Syria's government has come forward to deny accusations that it has used chemical weapons, saying the United States lacks credibility. Obviously, that's exactly what you would say if you has used chemical weapons on your own people, because no country would admit to such a horrific war crime. But the American history with foreign weapons of mass destruction also plays right into the Syrian strategy, as Information Minister Omran Al-Zoubi accused the U.S. of trying "to repeat the Iraq example."

The U.S. did get some backup from UK Prime Minister David Cameron, who agreed with the assessment that Bashar al-Assad had likely used chemical weapons. (Israel has already made their feelings clear.) However, everyone from Cameron to Barack Obama to Chuck Hagel and Jay Carney are stepping carefully around any response to the question: "What are you going to do about it?" Even Cameron had to admit that he's worried about a repeat of Iraq, where an accusation was made before the world that turned out to be untrue. Everyone is saying there needs to be more conclusive evidence, while also refusing to say what they will do if the evidence comes down on the side of sarin.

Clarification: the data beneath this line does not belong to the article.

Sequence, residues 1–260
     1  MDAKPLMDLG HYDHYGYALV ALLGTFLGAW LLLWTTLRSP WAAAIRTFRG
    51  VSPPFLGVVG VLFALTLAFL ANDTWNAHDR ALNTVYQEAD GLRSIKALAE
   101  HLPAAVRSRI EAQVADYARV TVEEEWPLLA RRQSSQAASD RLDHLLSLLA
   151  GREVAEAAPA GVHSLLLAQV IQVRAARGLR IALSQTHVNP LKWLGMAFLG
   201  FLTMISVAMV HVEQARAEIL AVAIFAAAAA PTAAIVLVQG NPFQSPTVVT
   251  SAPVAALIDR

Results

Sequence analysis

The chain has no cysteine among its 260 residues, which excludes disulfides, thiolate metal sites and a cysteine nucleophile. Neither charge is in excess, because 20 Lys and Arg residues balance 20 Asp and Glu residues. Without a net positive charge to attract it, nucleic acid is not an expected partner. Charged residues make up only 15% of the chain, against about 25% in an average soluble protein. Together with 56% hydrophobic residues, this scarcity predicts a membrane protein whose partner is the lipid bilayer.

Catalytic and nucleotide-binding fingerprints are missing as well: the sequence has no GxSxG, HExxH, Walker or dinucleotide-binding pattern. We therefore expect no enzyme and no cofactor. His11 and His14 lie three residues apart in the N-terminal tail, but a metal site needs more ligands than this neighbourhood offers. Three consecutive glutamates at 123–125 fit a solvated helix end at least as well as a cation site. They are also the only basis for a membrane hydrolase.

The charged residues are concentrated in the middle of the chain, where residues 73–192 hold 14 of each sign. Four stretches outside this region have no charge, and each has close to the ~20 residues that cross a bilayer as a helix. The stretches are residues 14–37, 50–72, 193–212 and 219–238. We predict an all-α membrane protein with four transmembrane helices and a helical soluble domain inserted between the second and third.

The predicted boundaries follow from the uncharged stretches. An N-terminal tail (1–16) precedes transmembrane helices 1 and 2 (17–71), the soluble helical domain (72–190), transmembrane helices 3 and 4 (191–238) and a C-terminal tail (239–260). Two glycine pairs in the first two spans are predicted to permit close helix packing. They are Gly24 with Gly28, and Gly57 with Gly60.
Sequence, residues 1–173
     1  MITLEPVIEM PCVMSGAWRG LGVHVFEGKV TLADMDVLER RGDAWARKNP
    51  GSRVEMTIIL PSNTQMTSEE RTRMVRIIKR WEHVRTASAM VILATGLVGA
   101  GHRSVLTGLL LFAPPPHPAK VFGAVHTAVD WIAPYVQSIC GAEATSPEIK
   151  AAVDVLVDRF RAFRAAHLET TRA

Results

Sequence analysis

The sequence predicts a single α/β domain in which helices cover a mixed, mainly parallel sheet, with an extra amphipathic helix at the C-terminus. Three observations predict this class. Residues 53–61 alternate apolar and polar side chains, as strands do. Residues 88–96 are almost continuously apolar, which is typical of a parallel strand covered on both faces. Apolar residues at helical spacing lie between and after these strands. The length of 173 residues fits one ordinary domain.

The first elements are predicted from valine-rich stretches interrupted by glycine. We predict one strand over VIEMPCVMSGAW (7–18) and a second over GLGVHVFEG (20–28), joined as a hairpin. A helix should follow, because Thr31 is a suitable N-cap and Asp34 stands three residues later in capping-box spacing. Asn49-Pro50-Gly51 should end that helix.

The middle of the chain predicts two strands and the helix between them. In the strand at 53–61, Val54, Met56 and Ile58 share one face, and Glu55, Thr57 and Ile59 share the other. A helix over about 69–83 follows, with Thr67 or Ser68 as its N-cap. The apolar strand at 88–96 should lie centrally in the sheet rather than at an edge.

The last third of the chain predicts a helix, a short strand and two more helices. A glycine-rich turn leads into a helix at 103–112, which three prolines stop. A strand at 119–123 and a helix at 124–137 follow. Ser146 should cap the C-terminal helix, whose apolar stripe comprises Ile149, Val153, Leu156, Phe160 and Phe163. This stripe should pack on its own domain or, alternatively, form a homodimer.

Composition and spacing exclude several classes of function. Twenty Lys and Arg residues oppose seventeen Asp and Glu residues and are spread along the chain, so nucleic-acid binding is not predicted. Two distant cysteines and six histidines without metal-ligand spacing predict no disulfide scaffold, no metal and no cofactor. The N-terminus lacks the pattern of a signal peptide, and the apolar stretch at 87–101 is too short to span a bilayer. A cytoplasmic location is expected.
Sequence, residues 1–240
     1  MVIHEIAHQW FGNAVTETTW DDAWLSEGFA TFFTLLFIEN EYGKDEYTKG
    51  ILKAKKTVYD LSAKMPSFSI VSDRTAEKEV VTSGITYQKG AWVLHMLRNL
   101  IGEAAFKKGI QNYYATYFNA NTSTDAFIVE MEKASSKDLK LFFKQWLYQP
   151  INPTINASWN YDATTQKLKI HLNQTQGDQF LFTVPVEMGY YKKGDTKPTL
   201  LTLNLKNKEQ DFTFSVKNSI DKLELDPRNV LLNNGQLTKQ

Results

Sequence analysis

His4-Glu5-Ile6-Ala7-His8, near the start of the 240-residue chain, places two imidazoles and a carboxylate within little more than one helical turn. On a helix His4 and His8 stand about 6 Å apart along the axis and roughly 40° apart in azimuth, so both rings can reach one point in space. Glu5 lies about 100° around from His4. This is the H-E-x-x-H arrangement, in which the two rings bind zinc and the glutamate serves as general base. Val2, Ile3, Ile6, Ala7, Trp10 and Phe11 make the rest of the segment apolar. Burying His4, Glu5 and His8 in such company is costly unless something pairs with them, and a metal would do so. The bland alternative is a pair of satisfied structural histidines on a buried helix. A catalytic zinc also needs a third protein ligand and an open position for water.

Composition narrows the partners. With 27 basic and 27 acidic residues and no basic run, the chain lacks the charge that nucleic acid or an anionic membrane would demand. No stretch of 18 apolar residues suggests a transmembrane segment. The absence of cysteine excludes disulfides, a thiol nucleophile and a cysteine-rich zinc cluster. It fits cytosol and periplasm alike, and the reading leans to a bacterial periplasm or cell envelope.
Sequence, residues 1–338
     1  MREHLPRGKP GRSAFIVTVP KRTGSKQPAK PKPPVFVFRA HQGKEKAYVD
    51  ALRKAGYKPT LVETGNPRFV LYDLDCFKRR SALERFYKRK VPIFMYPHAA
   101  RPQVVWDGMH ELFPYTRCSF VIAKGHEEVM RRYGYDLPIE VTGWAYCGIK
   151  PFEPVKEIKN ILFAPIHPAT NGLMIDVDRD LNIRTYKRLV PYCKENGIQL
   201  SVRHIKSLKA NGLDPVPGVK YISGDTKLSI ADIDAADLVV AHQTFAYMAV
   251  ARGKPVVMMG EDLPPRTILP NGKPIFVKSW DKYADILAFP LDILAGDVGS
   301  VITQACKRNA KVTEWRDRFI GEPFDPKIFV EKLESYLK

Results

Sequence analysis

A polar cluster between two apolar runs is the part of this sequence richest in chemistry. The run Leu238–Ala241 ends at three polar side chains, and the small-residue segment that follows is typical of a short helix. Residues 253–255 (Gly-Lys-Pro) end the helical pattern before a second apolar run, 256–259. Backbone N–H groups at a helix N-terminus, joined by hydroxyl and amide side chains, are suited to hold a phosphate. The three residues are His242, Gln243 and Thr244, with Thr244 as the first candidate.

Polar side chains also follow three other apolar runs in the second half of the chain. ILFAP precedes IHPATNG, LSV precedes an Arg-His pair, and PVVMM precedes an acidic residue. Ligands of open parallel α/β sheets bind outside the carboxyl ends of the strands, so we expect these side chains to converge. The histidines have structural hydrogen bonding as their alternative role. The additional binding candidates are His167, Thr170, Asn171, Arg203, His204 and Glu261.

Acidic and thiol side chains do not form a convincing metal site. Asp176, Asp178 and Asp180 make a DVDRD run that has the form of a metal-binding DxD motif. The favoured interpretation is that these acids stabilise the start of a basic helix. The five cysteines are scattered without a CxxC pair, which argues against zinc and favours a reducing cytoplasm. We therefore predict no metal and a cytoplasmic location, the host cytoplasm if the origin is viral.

Earlier today, Carney, the White House press secretary, did leave open the possibility that a unilateral military action by the U.S. as being one of the available options, but the party line remains building a case on "credible" evidence that can shut down any accusations of doctored or erroneous claims.